I have spent the last couple of summers saying that I wanted to have a go at making some elderflower cordial, but I have only just managed to get around to making some this year! I think it will probably become a tradition. I had a lovely morning walk in the sun to collect the flowers from along the waggonway near to where we live, and I can’t tell you how easy it is to make the cordial. It’s a great way to bottle up a little piece of summer!
I had read so many recipes for it and quite a lot of them use citric acid. I didn’t really want to use this as I’d much prefer to make a completely natural recipe. I can’t actually drink shop bought cordial as it doesn’t agree with me – I realised a few years ago that it causes flares ups and makes me spotty, and having had acne from the age of 8 this is something I like to avoid now that my skin is much better! I’m not sure if it’s the citric acid that causes this but natural was the way to go. I found this recipe through someone I follow on Instagram – it’s written by Julia Smith who blogs at Humphrey and Grace, and she also refers to a recipe for elderflower syrup on A Quiet Style. Instead of adding citric acid you just add extra lemon juice at the end of the process. It means that it won’t keep as long, but to be honest it’s so lovely that it wouldn’t last long anyway!
About 20 – 25 flower heads (you need to pick ones where the flowers are fully open but not yet brown. Pick a few extra if they are small)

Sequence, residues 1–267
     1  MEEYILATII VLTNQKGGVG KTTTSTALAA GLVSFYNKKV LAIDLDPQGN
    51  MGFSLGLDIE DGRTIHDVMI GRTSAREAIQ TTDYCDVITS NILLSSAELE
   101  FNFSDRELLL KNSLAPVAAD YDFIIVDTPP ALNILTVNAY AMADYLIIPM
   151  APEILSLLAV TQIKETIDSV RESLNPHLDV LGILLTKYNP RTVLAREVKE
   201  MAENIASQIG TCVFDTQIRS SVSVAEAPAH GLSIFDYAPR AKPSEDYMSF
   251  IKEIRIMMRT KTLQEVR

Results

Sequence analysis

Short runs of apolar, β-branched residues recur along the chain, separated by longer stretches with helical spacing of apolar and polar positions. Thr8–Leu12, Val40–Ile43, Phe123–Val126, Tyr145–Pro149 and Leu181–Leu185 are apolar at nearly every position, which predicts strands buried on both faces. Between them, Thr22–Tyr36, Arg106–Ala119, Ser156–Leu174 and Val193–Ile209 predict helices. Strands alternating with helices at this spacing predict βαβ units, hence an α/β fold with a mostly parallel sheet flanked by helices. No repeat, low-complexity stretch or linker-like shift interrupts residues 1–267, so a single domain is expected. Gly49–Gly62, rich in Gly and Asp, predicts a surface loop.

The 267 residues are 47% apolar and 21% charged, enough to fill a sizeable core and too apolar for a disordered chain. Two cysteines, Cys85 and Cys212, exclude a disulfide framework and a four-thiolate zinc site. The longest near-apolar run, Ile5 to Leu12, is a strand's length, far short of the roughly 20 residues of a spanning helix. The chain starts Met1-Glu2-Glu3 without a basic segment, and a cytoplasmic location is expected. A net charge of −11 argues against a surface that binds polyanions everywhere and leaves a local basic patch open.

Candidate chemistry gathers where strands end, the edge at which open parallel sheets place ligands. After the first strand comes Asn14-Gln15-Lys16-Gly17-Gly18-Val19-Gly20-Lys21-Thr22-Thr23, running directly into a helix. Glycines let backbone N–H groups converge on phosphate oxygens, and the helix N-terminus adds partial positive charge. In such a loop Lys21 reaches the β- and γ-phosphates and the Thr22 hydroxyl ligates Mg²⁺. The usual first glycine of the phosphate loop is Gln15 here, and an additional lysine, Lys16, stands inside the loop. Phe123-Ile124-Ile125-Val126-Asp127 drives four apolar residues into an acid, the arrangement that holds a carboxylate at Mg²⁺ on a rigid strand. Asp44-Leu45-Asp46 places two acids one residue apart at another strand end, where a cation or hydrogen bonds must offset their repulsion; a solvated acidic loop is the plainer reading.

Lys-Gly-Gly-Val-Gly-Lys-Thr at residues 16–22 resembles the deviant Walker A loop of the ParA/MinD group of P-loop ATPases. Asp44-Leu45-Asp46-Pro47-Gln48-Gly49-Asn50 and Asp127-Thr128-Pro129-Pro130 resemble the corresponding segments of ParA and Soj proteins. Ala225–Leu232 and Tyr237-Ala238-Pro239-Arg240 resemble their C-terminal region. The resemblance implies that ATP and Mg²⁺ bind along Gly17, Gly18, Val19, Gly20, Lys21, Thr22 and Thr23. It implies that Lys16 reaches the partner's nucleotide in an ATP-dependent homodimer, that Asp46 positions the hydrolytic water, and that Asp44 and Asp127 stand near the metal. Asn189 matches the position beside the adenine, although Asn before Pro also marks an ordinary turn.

2 lemons, sliced
1 3/4 pints of boiling water
Caster sugar – you’ll need 12oz per pint of cordial (further explanation to follow!). I used white instead of golden caster sugar
1 extra lemon to replace the citric acid
1. Wash the flowers and shake them to remove any insects and excess water. Pull off the flowers and place them into a large bowl – if the flowers are fully open they will come off quite easily. It might take a bit more time if not, but that’s ok.
2. Add the two sliced lemons to the bowl and then pour over the boiling water. Cover it with a clean cloth or tea towel and then allow to cool completely before placing in the fridge. Ideally you should leave it overnight at least, but you can leave it for longer if you’d like a more intense flavour. I left it for about a day and a half in the end.
3. When ready, you’ll need to strain it by placing a clean tea towel over another bowl and pouring in the mixture. I actually put my tea towel in a sieve first, which meant that I could use the back of a soup spoon to press more liquid through. Measure the liquid and then work out how much sugar is needed – Julia said that if you have roughly 1 1/2 pints of liquid, you’ll need to add 1 lb 2 oz sugar. I had this exact amount so I didn’t have to do any maths (this is always a relief for me!).
4. Place the liquid and the sugar into a pan, along with the juice of half a lemon for each pint of liquid, and then heat gently until all the sugar has dissolved. You can sterilise the cordial too if you want it to last up to a year, but I didn’t bother with this. You will definitely need to pour it into sterilised bottles though – I used these ones from Lakeland which hold 500ml, and I made 2 bottles. Seal the bottles and then leave them to cool, before placing in the fridge.
You can mix the cordial with still or fizzy water – there are some other ideas on Julia’s blog too. I have also used it in some baking and will be sharing the recipe soon!
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